Only 40% of Youth Concussions Caused by Contact Sports

Megan Brooks

April 11, 2018

Only a minority of all concussions in children are the result of contact sports, a new study suggests.

The findings indicate that strategies to prevent such injuries in children will have to extend outside youth sports, the researchers say.

"While sports concussions have been important in raising awareness of concussions, it is important to remember that many nonsports/life activities can result in concussion as well and that it is a common injury in childhood and not just in sports," senior study author, Christina Master, MD, pediatric primary care sports medicine specialist at Children's Hospital of Philadelphia (CHOP), Pennsylvania, told Medscape Medical News.

Dr Christina Master

Researchers at CHOP and the Centers for Disease Control and Prevention (CDC) examined the mechanism of injury for concussion in children aged 0 to 17 years seen for at least one clinical visit with an International Classification of Diseases, Ninth Revision, Clinical Modification diagnosis of concussion in CHOP's electronic health record system between July 1, 2012, and June 30, 2014. Of 8233 selected, 20% were randomly selected for manual record review (n = 1625 after exclusions).

Although most concussions (70%) were related to sports and recreation activities, 30% were due to nonsports and nonrecreational mechanisms, including falls, motor vehicle crashes, and assault. 

Notably, say the researchers, only 40% of all concussions were from contact sports, including football, soccer, basketball, and hockey. The remaining concussions occurred in limited or noncontact sports and recreation activities (playground, recess, gym) and nonsports and nonrecreation activities.

The mechanism of injury varied considerably by age. "Sports and recreation-related activities become the primary source of concussions beginning at age 6, increase in proportion up to age 10, remaining constant until age 16, then take a small dip at age 17, which may be due to an uptick in motor vehicle crash injury and attrition from sports," Master explains in a news release.

The study was published online April 4 in the Journal of Pediatrics.

Think Beyond Contact Sports

The researchers also found that only about one sixth of the children (15.2%) were seen on the same day of their injury. Most children were seen 2 or more days after injury (58.3%). The time from injury to clinical visit was unknown for 9.8% of cases.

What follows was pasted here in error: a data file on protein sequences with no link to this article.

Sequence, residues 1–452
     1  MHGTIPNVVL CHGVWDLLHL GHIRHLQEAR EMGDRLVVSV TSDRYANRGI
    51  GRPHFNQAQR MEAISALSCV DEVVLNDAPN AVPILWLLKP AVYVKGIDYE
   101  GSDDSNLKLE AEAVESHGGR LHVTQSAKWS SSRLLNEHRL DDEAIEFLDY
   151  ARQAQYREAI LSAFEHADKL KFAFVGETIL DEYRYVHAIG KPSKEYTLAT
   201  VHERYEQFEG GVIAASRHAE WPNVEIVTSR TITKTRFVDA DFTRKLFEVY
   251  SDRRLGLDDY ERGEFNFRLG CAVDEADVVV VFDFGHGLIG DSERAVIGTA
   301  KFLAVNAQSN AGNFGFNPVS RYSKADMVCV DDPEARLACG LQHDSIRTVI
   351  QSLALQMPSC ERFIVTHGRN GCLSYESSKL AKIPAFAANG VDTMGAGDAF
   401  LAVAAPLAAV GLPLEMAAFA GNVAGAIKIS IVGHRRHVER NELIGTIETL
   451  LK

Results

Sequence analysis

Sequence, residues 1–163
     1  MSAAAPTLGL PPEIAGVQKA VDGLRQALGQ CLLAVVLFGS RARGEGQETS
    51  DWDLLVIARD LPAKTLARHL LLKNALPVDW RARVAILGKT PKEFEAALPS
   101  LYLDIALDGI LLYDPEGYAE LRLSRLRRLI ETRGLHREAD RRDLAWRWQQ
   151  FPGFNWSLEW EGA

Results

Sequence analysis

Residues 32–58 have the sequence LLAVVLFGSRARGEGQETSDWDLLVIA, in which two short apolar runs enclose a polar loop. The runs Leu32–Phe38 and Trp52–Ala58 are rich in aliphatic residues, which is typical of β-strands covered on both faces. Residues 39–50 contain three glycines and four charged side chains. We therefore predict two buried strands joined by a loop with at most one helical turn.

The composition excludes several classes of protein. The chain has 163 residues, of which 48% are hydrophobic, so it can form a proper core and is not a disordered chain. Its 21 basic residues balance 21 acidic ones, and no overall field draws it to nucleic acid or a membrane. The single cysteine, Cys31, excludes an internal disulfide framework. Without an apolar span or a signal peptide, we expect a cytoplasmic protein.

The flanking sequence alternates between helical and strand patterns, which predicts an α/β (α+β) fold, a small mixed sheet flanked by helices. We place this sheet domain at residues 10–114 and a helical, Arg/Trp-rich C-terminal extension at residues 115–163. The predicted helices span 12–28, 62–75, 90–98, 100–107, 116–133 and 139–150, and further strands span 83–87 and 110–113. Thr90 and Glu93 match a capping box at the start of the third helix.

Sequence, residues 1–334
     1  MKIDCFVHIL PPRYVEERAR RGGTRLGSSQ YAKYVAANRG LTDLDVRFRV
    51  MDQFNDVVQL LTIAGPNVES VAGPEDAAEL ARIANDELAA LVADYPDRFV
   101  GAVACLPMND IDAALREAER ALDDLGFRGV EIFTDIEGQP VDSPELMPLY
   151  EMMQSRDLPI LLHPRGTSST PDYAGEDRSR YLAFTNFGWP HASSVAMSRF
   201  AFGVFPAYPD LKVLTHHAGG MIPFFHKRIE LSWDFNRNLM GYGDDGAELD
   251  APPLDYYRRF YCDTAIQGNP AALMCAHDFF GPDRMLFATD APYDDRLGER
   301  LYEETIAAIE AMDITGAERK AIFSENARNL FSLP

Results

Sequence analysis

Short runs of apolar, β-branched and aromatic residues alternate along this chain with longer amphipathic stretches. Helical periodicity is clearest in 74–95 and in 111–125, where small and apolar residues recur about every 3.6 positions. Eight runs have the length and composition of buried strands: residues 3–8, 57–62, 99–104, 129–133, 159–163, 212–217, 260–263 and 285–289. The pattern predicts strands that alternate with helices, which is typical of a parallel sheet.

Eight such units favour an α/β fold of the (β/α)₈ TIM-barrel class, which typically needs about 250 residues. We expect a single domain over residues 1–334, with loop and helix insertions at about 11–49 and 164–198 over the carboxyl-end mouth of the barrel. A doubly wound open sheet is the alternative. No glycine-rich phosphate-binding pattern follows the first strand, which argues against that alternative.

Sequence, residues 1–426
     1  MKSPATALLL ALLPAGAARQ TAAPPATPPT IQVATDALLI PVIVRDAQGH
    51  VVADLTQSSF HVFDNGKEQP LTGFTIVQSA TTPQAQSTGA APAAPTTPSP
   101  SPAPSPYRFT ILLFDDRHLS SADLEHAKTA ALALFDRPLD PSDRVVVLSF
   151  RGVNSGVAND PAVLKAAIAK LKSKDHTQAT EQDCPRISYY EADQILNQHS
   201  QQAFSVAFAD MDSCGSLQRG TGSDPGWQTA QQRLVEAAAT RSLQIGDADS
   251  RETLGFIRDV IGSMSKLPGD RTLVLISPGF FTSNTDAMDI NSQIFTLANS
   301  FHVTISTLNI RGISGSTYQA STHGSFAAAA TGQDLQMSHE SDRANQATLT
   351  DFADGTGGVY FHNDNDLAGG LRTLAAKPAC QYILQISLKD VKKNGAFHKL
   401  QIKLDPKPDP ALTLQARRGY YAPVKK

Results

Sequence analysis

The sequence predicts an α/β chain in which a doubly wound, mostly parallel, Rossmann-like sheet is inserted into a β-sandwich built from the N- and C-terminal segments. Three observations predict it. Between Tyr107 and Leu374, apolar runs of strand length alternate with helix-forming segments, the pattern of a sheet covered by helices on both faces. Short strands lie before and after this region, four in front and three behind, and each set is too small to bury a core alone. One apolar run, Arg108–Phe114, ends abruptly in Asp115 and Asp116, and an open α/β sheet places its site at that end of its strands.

"This study tells us that we need to extend traumatic brain injury prevention and management outside of youth sports to ensure all children who sustain a concussion receive the necessary care to return to daily childhood activities including school and play," lead author, Juliet Haarbauer-Krupa, PhD, from the CDC's National Center for Injury Prevention and Control, said in the release.

"It's important to remember that life concussions can also have a big impact on return to activities, similar to sports concussion, and should receive as much attention and active management as sports concussion," Master told Medscape Medical News.

Reached for comment on the study, Jamie Ullman, MD, director pf neurotrauma at North Shore University Hospital in Manhasset, New York, noted that "while the article does not offer much surprise in terms of injury mechanisms for concussions sustained in children at various ages, the article does underscore the need for awareness of head injury risk in the daily life of children (and adults, for that matter)."

"With recent emphasis on sports-related concussion, caregivers and teachers should also be aware of the same signs and symptoms of concussion that also occur out of the context of sports," Ullman told Medscape Medical News.

"At the Northwell Health Concussion Program, when a child in elementary grades suffers concussions, we also include exclusion from recess activities as part of the instructions while awaiting concussion symptoms to resolve, as recess involves activity with other children and playground activities. Additionally, children's use of helmets to mitigate head injury while using mobile recreational devices (eg bicycles, skateboards, skates, hover boards) should be emphasized," said Ullman.

The study had no commercial funding. The authors and Ullman have disclosed no relevant financial relationships.

J Pediatrics. Published online April 4, 2018. Full text

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